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Year: 1954

Director: Ishirô Honda

Genre: Science Fiction/Action/Drama

Spine Number: 594

When we hear someone talk about monster movies, the first thing that pops to mind is giant beast destroying everything in its sight. We have seen this trend in such films as “Pacific Rim”, “Jaws”, “The Host” and “Cloverfield” to name a few, but Ishirô Honda’s 1954 cult classic “Godzilla” takes standard monster fare and makes something unique. The film is a brilliant allegory for nuclear weapons and their impact, using emotional depth and then current events such as the bombing of Hiroshima and Nagasaki, despite at first gaining negative reviews in Japan for exploiting these same themes.

Godzilla itself, despite being a traditional movie monster, takes on a more powerful meaning. It symbolizes the nuclear weapons the movie criticizes. Like the weapons, Godzilla is a man-made beast from H-Bomb testing in the Pacific, and even has the radioactive material from said testing. Through these numerous tests, the Pacific lost control of the weapons by disturbing the creature’s environment. This forces Godzilla to adapt to its surroundings by consuming the nuclear waste and turning into the living hydrogen bomb.

Once Godzilla emerges, citizens are helplessly frantic. Some characters such as Professor Yamane feel sympathy for the creature and want to understand how it came to be, while most want it to be destroyed. Throughout the film, we get to see the grave impact of Godzilla’s rampage through the human drama, which takes up most of the film. Honda uses this impact and fear to show how destructive nuclear weapons are not just physically but also emotionally. As the monster’s presence grows closer, Tokyo becomes more devastated and afraid. Everyone is asking Professor Yamane questions and the stress takes him away from his family when his daughter’s boyfriend, Orgata asks for her hand in marriage. This scene best shows the stress Tokyo is under because of the beast. The fear Tokyo displays in response to Godzilla perfectly explains the emotional and mental devastation of nuclear bombs in Japan at the time.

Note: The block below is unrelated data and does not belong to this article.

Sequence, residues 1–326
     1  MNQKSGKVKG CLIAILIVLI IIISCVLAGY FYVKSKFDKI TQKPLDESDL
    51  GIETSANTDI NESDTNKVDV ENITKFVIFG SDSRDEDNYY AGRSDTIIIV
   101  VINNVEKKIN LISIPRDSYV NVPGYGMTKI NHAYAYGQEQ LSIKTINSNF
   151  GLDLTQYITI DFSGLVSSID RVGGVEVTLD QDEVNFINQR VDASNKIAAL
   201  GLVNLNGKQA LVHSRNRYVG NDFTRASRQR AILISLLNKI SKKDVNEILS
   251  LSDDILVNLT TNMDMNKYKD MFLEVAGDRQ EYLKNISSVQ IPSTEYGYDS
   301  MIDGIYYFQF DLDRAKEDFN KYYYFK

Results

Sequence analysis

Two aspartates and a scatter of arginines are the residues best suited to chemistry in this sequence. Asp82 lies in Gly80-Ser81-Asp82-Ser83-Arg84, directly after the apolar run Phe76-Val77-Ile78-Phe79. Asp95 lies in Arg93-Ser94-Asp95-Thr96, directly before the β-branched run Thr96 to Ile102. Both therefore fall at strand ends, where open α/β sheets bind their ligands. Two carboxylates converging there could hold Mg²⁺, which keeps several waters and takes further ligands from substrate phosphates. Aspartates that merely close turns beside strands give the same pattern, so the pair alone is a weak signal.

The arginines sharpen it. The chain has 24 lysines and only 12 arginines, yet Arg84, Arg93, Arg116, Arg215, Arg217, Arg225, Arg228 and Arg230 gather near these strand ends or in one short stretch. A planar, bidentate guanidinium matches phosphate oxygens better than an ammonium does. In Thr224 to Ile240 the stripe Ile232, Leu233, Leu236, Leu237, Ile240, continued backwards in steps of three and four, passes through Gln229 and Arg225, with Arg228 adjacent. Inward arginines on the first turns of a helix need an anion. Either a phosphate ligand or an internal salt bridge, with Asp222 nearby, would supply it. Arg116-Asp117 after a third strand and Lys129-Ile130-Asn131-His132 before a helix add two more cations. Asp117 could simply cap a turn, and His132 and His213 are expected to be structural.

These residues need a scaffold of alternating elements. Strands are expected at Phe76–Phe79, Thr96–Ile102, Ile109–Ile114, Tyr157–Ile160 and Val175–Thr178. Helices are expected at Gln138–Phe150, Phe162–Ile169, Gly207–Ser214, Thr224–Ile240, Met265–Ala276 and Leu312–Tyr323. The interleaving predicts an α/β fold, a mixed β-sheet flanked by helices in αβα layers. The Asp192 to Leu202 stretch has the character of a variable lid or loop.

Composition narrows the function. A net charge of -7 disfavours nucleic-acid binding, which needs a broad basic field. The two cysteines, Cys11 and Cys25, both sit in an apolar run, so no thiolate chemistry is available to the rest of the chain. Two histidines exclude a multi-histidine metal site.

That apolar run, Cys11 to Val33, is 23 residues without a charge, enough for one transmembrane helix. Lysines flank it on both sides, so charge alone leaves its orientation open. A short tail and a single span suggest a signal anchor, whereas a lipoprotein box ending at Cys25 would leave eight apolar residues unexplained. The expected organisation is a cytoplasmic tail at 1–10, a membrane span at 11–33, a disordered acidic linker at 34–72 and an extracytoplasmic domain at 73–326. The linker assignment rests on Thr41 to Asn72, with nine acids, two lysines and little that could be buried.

Critics in Japan claimed “Godzilla” was exploiting the events that occurred during World War II, when really that is far from the truth. The movie is a strong protest against the weapons that successfully demonstrates the physical and mental impact behind them by showing Tokyo in ruins as the monster destoys the city and devestated in fear. Because of its powerful ideas about nuclear weapons at the time, Ishirô Honda’s film is a masterpiece that still proves that Godzilla is “King of the Monsters”.



About The Author
Chris Ranta
Chris Ranta
I'm a fan of cinema and have been since a young age. I love to write analysis and discuss the film making process to give myself a better appreciation for it. My favourite genres of film are dark comedy and cult films. I also happen to like long walks on the beach if that helps...
  • Black Doug
    September 17, 2014 at 1:41 am

    I picked up the Godzilla Criterion disc back when Barnes and Noble had the entire collection on sale (grabbed Guillermo Del Toro’s “Cronos” as well, which is a fantastic film). It’s absolutely worth getting just to see the craftsmanship involved.

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